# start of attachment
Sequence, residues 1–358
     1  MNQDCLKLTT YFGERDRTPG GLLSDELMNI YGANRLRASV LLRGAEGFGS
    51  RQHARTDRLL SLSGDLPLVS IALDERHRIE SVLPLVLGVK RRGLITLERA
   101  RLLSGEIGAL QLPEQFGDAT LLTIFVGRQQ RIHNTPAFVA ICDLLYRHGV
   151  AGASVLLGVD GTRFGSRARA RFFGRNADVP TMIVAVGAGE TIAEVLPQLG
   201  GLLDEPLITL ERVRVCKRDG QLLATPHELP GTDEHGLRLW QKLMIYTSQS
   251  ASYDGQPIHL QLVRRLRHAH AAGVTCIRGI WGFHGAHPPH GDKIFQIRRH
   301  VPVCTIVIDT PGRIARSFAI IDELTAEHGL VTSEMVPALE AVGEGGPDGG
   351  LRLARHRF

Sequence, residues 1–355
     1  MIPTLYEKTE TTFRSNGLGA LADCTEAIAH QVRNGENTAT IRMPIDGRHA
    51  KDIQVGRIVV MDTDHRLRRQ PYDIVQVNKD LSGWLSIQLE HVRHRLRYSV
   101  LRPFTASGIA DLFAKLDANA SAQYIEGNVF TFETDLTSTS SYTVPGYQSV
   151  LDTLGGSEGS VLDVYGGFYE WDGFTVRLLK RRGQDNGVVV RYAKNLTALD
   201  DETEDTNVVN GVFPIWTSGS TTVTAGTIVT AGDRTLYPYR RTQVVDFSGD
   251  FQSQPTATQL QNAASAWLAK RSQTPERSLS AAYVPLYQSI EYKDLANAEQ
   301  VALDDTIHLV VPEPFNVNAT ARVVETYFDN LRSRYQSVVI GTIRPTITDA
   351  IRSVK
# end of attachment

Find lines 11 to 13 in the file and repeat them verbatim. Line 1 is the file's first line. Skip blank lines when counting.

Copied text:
     1  MIPTLYEKTE TTFRSNGLGA LADCTEAIAH QVRNGENTAT IRMPIDGRHA
    51  KDIQVGRIVV MDTDHRLRRQ PYDIVQVNKD LSGWLSIQLE HVRHRLRYSV
   101  LRPFTASGIA DLFAKLDANA SAQYIEGNVF TFETDLTSTS SYTVPGYQSV